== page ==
The responses were fascinating. After one lecture three young women came to me and described their dads, and each man sounded the same: successful in providing for material needs but aloof, detached, distant, and unexpressive. All three women had tears in their eyes as they expressed their desire to connect and build a loving relationship with their dads.

I encouraged each of those women to honor her father by taking the first step to change the relationship. “Don’t expect your father to come to you, begging for your forgiveness,” I said. “He may have no idea how he may have wounded you or failed as a dad.”


Instead they should spend some time alone evaluating how they were responding to their father. Then, if and when appropriate, call their father, and confess to being ungrateful, ask for forgiveness, and say, “I love you.” Then wait for his response. Lower your expectations and don’t be discouraged if he doesn’t respond. He may not know how.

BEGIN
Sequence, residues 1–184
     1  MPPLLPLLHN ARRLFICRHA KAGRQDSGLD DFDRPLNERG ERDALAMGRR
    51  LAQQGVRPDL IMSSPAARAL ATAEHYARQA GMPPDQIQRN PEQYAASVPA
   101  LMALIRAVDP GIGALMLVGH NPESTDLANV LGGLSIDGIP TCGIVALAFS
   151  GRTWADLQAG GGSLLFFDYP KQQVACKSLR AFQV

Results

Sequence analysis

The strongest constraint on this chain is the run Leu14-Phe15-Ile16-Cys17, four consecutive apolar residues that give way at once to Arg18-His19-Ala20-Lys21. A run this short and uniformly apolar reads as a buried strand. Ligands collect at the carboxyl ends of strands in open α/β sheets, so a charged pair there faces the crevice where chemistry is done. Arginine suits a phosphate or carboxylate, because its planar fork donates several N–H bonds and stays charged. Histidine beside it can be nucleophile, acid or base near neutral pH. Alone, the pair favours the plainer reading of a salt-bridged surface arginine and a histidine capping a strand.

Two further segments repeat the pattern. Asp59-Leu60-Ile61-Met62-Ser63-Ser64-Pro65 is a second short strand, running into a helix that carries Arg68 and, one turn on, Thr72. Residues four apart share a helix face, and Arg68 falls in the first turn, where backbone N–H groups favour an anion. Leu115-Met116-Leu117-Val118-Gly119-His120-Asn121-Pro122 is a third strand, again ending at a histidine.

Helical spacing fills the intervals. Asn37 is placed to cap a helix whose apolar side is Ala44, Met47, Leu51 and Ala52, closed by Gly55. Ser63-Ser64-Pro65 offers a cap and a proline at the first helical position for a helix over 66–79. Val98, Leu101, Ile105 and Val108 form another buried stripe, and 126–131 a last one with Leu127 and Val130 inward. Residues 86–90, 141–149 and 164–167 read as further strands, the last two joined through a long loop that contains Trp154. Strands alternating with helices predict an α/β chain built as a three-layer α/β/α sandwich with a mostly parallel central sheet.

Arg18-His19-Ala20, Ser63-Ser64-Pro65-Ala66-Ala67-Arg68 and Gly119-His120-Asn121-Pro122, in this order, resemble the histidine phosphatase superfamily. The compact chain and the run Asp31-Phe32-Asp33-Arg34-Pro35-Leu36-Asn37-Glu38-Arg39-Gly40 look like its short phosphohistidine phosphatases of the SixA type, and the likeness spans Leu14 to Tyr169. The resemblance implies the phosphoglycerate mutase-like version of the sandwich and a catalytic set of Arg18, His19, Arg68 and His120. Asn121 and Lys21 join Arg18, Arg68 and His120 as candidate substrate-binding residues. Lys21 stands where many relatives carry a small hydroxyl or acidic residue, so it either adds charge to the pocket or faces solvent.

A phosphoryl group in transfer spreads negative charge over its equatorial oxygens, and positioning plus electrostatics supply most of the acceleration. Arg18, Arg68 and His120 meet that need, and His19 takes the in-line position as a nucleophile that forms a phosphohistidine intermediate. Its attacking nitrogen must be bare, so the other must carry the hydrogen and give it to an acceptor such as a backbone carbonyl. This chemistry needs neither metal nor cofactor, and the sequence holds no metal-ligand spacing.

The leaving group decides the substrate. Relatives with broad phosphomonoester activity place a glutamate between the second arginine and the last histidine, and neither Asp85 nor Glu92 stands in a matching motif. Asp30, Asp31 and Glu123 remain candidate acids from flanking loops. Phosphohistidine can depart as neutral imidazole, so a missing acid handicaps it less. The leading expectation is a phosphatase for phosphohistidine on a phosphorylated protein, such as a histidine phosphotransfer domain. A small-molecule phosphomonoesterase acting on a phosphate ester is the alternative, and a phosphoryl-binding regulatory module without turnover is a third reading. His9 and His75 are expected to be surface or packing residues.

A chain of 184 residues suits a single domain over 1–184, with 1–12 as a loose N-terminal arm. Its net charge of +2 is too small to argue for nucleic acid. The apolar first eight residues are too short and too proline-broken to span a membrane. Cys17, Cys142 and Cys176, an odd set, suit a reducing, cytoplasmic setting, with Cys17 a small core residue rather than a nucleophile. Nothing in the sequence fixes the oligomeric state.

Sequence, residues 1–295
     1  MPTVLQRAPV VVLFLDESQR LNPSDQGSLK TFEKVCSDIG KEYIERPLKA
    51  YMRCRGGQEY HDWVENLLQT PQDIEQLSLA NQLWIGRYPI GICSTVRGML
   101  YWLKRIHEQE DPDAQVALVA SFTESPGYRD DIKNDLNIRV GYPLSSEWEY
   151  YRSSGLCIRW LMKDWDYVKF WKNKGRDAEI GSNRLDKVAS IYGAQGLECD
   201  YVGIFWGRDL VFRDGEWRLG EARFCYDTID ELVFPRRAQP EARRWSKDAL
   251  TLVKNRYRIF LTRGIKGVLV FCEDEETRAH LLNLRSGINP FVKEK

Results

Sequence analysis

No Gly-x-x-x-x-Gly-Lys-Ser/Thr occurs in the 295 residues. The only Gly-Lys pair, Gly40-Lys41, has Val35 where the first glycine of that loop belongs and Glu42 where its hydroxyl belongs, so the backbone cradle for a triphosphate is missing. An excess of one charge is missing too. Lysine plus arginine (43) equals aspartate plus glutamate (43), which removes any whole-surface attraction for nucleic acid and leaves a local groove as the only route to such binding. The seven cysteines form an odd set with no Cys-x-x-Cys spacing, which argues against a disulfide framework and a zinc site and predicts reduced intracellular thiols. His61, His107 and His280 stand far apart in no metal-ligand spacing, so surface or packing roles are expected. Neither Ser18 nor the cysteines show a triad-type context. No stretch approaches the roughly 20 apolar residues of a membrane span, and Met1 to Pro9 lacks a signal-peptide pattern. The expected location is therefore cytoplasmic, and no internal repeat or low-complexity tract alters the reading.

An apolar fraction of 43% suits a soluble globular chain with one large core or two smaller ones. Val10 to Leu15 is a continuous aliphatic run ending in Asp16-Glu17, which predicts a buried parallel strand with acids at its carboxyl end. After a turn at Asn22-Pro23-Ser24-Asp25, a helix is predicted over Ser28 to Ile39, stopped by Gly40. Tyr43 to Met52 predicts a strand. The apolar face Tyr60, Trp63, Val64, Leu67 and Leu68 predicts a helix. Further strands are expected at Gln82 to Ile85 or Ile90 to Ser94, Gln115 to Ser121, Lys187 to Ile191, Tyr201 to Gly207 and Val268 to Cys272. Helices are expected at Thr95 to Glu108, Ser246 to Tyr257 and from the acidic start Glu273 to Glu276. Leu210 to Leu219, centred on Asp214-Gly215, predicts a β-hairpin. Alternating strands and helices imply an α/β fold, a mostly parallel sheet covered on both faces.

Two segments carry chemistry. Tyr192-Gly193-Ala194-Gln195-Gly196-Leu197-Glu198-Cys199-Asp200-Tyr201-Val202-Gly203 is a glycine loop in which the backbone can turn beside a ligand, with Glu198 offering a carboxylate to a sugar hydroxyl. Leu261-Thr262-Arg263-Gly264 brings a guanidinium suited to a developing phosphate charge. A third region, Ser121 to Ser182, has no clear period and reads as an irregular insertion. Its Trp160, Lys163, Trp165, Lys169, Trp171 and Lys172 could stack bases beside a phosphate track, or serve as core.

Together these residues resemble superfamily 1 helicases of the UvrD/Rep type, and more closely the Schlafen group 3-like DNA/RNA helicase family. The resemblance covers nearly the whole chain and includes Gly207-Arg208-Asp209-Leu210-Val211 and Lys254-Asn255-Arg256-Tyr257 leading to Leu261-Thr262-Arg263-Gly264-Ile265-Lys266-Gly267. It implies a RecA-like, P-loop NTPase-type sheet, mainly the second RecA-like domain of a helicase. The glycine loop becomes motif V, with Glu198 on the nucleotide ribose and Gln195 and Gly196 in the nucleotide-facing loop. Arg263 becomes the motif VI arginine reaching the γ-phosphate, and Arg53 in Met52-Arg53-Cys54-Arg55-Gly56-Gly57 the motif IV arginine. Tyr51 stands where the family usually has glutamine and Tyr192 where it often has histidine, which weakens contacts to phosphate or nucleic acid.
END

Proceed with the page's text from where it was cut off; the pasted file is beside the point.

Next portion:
Then I added, “You may never see your mom or dad’s true response, but God will use your pursuit of your parents for His purposes in their lives … and yours.”

Later I learned that, after a couple of weeks, each young woman took my advice. And in each case, the father’s heart melted. One woman told me, with tears streaming down her face, “For the first time in my life, my father and I communicated. In the past, my father gave me cars, jewelry, piano lessons, nice vacations, everything. I told him, ‘I don’t want all this stuff, I just want you. I love you and I want to know you.’


“He began to cry, and I began to cry. For the first time in my life, he told me that he loved me. I don’t think our relationship will ever be the same. I can’t wait to go home.”